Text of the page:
Still, it is remarkable to me the abuses I’ve seen done by people in my client base to their systems of government aid. I’ve seen so many falsifications on Medicaid applications, nondisclosures of income, reports of “medical” conditions that anyone can fake or even invent that it makes me wonder why we have these assistances in place at all. Shoot, my brother is a tax auditor and he sees rich people and corporations make the same falsifications on their own disclosures at tax time. When I see a family living hand to mouth on government money drop a couple thousand dollars on a giant television that takes up half a wall, I’m like.. Wait a sec.. Aren’t you guys hungry? Weren’t you just asking me to help you get shoe and clothing donations for your kids? WTF is up with that TV?!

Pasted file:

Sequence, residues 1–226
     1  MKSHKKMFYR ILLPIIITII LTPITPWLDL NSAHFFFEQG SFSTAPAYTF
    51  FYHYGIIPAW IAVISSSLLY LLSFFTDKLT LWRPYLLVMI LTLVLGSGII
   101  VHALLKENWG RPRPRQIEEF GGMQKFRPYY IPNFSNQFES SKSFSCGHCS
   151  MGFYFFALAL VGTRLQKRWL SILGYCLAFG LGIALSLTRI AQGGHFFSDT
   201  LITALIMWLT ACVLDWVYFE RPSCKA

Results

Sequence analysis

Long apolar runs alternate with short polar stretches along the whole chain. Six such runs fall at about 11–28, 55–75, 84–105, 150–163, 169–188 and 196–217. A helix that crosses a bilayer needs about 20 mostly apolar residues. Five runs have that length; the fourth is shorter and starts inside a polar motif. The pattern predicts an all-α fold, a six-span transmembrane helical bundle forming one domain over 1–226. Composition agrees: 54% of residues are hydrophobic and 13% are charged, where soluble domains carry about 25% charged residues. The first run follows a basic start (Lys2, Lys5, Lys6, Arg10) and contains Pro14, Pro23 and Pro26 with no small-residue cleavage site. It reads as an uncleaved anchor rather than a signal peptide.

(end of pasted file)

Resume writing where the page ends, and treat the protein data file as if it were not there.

People everywhere, no matter how rich or poor, have a proclivity to lie, cheat and steal ‘cause it’s easier than working and telling the truth. The clients I work with know exactly what to tell me so I’ll write a good report and say that the treatment is working but they still need it for a while longer. If I can focus on the kids, not just their parents, maybe I can get some new ideas into their heads and they’ll make different decisions than their parents made and start ending various cycles. Stephen Colbert was likely right. The only way to stop poverty and end this massive contributing factor to what our culture perceives are mental health issues is to follow Christ’s example, not just in the giving, but in the way we receive as well. There is only one Bible, and nowhere in it does it tell people to lie around and take while everyone else works.